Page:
The problems for Indonesian president Abdurrahman Wahid, affectionately known as "Gus Dur", continue to mount. If a dysfunctional civil service, flagging economy and impeachment trial were not enough, on January 2, Professor Ryaas Rasyid resigned, the architect of regional autonomy laws and key reformer. The professor had been talking of leaving ever since August, when he was pushed, unwillingly, from the position of Regional-Autonomy Minister to a new post in charge of administrative reform.
Rasyid's resignation not only casts further doubt over the political prowess of Wahid, whose erratic leadership style has alienated many of the politicians that voted for him 18 months ago. More seriously, it has exacerbated already strained relations with Vice-President Megawati Sukarnoputri, who is believed to have strongly backed Professor Ryaas? proposals and is increasingly being viewed by hard-liners in the military as a viable alternative to the Indonesian leadership. The prospect of a deal being concluded between Megawati and the Indonesian Armed Forces (TNI) to topple Wahid is now a distinct possibility, which would set back hugely the prospects for a successful democratic transition in Indonesia.
Wahid the lesser (of several evils)
For all his faults, Wahid remains central to the future course of democracy in Indonesia. On one level, the practical example of his tenure will be crucial to the way future governments are chosen and rejected in the country. If the democratic process is to take root in the Republic, it is vital that he be allowed to serve out his term, and only removed by the popular will of the people via the ballot box.
More intrinsically, however, Wahid is likely to get more done in terms of advancing institutional and civil reform than anyone else in Indonesia. As Greg Barton, an Islamic scholar at Melbourne's Deakin University and Wahid's official biographer, observes, Wahid is a man of unbending conviction who ?will keep troubling away at the issue of democratisation and reform. If you really want to scuttle the prospects for democracy in Indonesia, the best way would be to get rid of Gus Dur?.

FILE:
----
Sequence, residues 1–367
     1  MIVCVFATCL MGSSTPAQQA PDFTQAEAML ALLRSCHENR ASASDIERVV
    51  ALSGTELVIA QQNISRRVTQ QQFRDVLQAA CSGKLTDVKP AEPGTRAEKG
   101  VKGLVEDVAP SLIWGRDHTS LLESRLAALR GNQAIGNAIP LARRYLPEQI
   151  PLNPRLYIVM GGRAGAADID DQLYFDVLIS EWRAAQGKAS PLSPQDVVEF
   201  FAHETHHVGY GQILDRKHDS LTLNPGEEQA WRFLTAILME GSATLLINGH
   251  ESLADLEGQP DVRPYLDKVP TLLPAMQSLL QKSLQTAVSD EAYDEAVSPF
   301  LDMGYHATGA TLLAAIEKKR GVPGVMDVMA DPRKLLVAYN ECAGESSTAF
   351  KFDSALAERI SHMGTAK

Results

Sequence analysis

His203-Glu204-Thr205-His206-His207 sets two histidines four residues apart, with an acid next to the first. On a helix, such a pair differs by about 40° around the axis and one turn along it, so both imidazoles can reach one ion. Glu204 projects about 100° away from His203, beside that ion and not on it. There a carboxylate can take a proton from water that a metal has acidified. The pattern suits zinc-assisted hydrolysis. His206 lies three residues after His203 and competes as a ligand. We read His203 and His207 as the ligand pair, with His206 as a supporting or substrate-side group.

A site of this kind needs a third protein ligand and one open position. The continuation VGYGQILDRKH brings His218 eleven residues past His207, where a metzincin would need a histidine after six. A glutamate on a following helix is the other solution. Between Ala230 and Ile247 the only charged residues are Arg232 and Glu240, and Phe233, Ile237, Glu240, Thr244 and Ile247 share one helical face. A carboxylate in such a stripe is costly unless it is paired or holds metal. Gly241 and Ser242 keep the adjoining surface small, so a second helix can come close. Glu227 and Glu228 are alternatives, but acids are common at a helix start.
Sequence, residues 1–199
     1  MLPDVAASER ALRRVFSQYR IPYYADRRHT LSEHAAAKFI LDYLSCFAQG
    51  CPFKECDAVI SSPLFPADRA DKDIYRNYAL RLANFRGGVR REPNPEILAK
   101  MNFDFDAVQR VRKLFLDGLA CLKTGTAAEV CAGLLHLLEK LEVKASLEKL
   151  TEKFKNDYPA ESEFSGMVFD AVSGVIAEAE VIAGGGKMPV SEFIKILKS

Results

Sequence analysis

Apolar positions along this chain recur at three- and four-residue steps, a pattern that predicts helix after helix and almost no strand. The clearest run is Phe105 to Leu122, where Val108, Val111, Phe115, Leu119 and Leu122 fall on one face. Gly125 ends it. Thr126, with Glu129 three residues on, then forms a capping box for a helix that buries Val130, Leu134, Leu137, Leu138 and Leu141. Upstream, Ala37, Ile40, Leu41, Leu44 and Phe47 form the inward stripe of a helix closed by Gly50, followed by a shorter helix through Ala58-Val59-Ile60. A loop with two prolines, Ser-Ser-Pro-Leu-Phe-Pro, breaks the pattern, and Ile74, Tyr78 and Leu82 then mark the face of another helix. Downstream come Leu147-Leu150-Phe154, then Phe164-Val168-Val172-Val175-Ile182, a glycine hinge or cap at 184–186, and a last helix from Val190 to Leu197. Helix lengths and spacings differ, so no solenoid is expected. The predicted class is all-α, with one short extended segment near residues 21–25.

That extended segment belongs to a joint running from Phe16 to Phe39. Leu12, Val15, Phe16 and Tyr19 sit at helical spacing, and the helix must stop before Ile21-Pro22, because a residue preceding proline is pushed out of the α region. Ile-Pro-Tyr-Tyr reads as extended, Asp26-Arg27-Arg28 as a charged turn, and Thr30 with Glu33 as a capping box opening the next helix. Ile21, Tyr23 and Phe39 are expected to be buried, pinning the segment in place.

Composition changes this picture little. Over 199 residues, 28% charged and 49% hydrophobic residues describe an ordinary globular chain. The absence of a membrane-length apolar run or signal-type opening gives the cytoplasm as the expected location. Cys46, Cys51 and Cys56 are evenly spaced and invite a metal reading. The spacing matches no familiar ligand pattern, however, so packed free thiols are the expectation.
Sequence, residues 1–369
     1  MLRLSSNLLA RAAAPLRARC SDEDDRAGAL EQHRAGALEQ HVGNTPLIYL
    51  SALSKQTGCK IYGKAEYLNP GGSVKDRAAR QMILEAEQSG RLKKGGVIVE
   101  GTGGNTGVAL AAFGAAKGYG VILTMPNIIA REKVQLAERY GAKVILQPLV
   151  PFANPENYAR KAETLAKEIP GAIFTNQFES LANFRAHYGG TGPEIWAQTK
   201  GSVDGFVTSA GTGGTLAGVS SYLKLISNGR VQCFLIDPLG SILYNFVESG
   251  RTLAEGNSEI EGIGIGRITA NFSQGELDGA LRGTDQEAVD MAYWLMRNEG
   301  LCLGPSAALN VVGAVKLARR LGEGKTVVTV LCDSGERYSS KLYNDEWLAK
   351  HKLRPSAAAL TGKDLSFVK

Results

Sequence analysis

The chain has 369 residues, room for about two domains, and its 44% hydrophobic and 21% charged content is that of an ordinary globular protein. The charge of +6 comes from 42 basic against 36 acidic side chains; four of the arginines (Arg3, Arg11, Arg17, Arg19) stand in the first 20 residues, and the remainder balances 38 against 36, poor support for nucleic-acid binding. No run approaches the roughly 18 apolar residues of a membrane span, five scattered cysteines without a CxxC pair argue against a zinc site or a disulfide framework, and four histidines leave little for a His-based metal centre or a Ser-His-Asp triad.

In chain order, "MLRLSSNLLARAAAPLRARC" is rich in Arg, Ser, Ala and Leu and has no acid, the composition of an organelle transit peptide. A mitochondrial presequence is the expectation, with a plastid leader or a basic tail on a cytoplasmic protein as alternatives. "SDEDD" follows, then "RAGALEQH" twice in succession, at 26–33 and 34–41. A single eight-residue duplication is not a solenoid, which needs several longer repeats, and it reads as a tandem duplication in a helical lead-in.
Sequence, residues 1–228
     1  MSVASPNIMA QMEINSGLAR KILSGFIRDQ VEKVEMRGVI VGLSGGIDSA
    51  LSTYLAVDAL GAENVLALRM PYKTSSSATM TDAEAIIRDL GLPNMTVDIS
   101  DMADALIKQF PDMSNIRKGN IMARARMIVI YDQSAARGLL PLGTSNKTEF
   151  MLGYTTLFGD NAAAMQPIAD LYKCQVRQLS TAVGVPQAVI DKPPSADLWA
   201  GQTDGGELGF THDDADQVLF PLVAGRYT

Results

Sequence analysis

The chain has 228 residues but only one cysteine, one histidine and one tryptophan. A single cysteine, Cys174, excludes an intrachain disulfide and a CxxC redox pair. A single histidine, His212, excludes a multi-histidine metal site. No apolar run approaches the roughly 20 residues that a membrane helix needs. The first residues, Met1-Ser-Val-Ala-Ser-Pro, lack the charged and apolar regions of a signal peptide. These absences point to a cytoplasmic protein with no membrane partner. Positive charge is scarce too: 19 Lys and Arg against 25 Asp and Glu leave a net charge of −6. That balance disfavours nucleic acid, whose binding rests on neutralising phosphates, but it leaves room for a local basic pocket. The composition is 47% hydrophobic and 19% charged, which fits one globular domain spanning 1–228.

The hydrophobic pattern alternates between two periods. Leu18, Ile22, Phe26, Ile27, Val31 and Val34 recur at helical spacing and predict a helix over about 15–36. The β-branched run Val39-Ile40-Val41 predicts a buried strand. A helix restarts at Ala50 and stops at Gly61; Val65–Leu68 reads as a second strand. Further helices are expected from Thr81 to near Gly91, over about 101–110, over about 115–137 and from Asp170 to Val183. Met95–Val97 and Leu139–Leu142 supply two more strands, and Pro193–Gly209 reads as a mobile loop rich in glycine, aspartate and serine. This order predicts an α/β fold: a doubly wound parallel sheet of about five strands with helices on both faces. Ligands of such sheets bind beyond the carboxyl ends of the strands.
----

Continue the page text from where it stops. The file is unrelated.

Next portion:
Unfortunately, Wahid faces a multitude of challenges to his rule, not least of which are the volatile security forces. Recently, senior officers have increasingly expressed their dissatisfaction with the President's inability to address the problems facing Indonesia - including talk of the "failure of democracy".
While the risk of an outright military coup cannot be dismissed, the prospect of this being met with international vilification and the suspension of IMF assistance militates against such a scenario.
More likely will be an attempt to return to the centre stage of politics behind the sham of a civilian president. It is here that the possibility of a "sweetheart" deal between Megawati and the armed forces takes on added relevance. The fear is that the vice-president will succumb to overtures from the military, whereby, in exchange for their support in backing her "candidacy" for the presidency, she allows the TNI a decisive role in the running of the country.
Iron fist in the velvet glove
The seriousness of such an occurrence taking place should not be underestimated. Not only would it effectively destroy the nascent democratic experiment currently underway in Indonesia. It would also lead to a return to the type of heavy-handed internal security measures that, in many ways, are responsible for the surge of separatist sentiment in Aceh and Irian Jaya. This would almost certainly be a recipe for renewed bloodshed and could quite easily provoke the type of insurgent backlash that leads to the nightmare scenario of both Jakarta and the international community: the balkanisation of Indonesia.
The basic problem confronting Wahid is that he increasingly lacks the political capital to offset potential threats to his rule such as that of a coordinated Megawati/TNI challenge. To survive, he must harness all the political mastery that originally brought him to power. Unnecessary cabinet reshuffles of the sort that led to the resignation of Rasyid will not consolidate either his position or that of Indonesia. It is little wonder that western capitals, from Canberra to Washington, are viewing the developing situation in the republic with increasing trepidation.